Monday, 4 June 2012

The would-be superstate and the ex-superpower

BBC News reports:
EU officials are expected to press Russian President Vladimir Putin to take a stronger line on the crisis in Syria during a summit in St Petersburg.
European Council President Herman Van Rompuy, European Commission President Jose Manuel Barroso and EU foreign policy chief Catherine Ashton are among those attending Monday's summit.

On Sunday, Mr Putin invited the EU leaders for dinner ahead of the talks at a lavish estate on the outskirts of the city.
It's bad enough when the likes of William Hague go swanning around, meddling in the affairs of other countries.  But how much worse to have these little-known, unelected eurocrats dining at a lavish estate, purporting to speak for 500 million Europeans!
Baroness Ashton, who met Russian Foreign Minister Sergei Lavrov before Sunday's dinner, said in a statement: "Russia's role is crucial for the success of Annan's plan."

She said the EU wanted to "work closely with Russia to find a way to end the violence".
Who empowered Ashton to speak on our behalf?  Who decided that foreign policy should be handled by the EU?

The British people were denied their say; our Queen signed our sovereignty away.

Posts by Daniel Hannan and Norman Tebbit celebrating the Jubilee have drawn many comments supporting the Queen. They say she has no choice but to sign whatever treaties 'her' government puts before her. At a practical level, this is clearly false - nobody is holding a gun to her head, and she could achieve a great deal by refusing to sign and forcing a referendum. But if, legally, she has no right to refuse, let's end the charade, and have the PM do the signing.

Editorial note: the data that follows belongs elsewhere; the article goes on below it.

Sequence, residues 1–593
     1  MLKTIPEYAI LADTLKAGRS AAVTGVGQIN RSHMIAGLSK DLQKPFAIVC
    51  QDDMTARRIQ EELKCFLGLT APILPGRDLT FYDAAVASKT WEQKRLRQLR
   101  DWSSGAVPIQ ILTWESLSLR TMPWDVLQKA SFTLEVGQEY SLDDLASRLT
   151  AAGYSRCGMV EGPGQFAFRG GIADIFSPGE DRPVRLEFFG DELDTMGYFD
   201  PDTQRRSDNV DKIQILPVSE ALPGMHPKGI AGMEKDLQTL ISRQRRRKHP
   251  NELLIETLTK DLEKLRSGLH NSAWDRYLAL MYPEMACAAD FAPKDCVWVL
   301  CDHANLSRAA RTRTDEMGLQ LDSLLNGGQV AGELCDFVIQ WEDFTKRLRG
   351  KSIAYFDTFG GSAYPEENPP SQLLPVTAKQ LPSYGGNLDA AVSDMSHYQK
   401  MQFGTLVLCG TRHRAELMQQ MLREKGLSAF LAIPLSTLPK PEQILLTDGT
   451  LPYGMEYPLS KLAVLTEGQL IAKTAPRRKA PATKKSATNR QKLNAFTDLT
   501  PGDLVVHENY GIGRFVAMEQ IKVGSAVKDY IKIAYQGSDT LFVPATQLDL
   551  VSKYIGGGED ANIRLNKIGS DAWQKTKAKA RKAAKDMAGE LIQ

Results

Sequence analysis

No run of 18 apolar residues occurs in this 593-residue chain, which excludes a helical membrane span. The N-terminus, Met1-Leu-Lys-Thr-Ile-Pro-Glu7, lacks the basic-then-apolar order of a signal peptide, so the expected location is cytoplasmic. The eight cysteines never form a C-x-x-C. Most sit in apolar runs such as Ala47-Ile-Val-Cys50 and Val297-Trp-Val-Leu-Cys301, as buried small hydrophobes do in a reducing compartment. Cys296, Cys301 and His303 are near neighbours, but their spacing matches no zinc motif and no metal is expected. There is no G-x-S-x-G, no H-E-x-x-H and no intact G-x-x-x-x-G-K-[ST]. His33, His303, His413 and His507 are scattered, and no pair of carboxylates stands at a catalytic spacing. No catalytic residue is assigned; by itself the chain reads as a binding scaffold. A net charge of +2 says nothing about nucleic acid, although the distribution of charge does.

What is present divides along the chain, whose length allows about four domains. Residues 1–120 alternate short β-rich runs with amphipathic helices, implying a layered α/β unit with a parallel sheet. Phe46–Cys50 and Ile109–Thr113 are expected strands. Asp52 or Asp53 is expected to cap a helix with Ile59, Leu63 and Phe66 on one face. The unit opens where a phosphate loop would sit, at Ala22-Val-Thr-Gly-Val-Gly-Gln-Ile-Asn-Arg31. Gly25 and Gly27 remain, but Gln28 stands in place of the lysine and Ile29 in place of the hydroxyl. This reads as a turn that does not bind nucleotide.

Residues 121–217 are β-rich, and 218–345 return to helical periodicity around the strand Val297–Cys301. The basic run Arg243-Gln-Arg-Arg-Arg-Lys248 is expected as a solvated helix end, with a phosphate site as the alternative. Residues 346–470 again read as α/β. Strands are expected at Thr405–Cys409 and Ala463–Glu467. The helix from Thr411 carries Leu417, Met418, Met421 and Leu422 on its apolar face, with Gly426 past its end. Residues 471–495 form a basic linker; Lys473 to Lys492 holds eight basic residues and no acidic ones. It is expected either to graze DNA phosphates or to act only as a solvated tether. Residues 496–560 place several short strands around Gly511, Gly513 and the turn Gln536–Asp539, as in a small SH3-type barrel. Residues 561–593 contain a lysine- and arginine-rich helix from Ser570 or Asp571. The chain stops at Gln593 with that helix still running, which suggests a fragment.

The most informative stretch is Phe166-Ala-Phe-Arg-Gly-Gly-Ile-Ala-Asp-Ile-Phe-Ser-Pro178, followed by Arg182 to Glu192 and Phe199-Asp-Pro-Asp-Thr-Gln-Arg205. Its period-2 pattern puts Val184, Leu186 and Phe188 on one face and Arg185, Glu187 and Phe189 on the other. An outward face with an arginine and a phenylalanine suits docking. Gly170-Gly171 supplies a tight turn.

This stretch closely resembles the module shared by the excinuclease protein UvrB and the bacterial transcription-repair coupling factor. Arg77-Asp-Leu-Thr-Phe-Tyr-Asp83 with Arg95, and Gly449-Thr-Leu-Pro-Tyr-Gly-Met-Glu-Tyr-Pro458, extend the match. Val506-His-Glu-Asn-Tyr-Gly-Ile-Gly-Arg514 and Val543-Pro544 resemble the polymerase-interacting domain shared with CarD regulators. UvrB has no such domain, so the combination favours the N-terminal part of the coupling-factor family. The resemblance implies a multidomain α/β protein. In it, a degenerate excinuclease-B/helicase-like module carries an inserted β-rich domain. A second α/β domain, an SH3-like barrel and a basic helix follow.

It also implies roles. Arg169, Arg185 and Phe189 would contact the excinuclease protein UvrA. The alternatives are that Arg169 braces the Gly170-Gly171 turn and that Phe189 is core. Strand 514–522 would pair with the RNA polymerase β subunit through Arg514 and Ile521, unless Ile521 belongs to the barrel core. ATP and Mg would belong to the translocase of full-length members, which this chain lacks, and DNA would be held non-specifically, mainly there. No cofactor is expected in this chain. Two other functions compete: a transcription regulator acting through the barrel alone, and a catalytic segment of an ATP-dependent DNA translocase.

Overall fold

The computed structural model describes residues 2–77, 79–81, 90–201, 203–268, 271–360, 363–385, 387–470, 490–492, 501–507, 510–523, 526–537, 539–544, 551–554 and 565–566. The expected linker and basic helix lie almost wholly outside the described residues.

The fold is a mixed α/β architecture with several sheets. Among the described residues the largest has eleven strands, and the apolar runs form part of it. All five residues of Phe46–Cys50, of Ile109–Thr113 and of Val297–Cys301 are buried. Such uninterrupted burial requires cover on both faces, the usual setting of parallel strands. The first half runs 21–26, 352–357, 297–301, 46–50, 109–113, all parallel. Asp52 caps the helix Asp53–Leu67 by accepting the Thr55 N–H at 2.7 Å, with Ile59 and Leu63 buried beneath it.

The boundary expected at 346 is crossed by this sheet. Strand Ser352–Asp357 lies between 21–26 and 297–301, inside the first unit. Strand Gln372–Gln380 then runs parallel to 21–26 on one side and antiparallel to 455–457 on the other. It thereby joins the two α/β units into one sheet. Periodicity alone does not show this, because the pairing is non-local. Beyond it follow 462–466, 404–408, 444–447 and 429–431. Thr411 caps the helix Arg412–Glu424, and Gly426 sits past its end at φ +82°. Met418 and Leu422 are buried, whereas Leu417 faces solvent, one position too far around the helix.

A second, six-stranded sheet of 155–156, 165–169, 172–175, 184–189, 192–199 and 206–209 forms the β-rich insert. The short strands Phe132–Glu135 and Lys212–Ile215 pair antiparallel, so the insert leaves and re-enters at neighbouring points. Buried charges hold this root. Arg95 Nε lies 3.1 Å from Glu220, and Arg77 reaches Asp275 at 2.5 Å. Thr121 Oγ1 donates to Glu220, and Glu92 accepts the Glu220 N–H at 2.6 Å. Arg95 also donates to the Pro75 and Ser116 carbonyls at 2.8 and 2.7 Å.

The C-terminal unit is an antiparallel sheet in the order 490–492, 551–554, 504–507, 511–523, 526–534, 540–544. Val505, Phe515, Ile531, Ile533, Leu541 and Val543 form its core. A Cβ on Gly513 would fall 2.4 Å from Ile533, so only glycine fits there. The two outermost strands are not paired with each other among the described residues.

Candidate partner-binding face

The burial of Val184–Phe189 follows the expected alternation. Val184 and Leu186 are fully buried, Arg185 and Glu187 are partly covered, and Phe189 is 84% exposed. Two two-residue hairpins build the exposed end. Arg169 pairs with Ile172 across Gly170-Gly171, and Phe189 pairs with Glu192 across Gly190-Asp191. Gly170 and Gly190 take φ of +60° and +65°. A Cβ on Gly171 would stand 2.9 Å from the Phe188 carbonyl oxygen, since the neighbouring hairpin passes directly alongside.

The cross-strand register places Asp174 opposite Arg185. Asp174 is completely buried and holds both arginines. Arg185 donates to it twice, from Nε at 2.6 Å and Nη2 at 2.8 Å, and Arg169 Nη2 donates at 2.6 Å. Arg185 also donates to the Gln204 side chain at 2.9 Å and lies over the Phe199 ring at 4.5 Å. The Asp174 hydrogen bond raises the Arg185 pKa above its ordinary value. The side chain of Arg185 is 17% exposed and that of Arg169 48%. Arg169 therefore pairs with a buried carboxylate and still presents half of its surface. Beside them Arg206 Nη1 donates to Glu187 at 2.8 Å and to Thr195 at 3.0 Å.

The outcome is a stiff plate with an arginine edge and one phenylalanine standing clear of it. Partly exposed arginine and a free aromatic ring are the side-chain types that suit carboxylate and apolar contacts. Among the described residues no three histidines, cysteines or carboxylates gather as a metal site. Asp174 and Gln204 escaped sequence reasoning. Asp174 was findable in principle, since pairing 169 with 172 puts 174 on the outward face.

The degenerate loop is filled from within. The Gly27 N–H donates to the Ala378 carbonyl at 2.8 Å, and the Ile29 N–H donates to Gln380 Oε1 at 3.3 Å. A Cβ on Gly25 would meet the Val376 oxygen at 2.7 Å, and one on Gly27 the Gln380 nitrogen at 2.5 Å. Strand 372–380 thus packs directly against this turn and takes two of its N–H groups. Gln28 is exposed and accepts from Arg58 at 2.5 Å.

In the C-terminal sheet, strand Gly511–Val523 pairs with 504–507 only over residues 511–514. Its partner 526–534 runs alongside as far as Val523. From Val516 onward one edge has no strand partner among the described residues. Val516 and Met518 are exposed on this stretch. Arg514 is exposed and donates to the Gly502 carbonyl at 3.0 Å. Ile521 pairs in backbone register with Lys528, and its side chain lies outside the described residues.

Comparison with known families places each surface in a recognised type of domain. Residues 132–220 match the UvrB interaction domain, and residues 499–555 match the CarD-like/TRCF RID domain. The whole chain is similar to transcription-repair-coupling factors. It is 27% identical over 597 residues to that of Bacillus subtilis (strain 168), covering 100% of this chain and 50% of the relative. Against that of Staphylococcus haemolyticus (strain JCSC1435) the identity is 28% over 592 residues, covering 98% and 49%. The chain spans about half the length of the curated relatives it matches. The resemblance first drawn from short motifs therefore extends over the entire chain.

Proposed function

1 comment:

  1. You are probably right about the charade. I live in Luxembourg, where the Grand Duke's signature used to be necessary for laws to be enacted. Came the day when, under the ægis of the EU, a law effectively allowing abortion on demand was placed before Grand Duke Henri. A devout Catholic, he refused to sign. After some political to-ing and fro-ing, the law was passed and the Grand Duke stripped of his power to block legislation. HM Queen Elizabeth would probably suffer the same fate.

    A propos of nothing, Henri's father, Grand Duke Jean, served in the Irish Guards during WWII, and was for some time the regiment's Colonel-in-chief.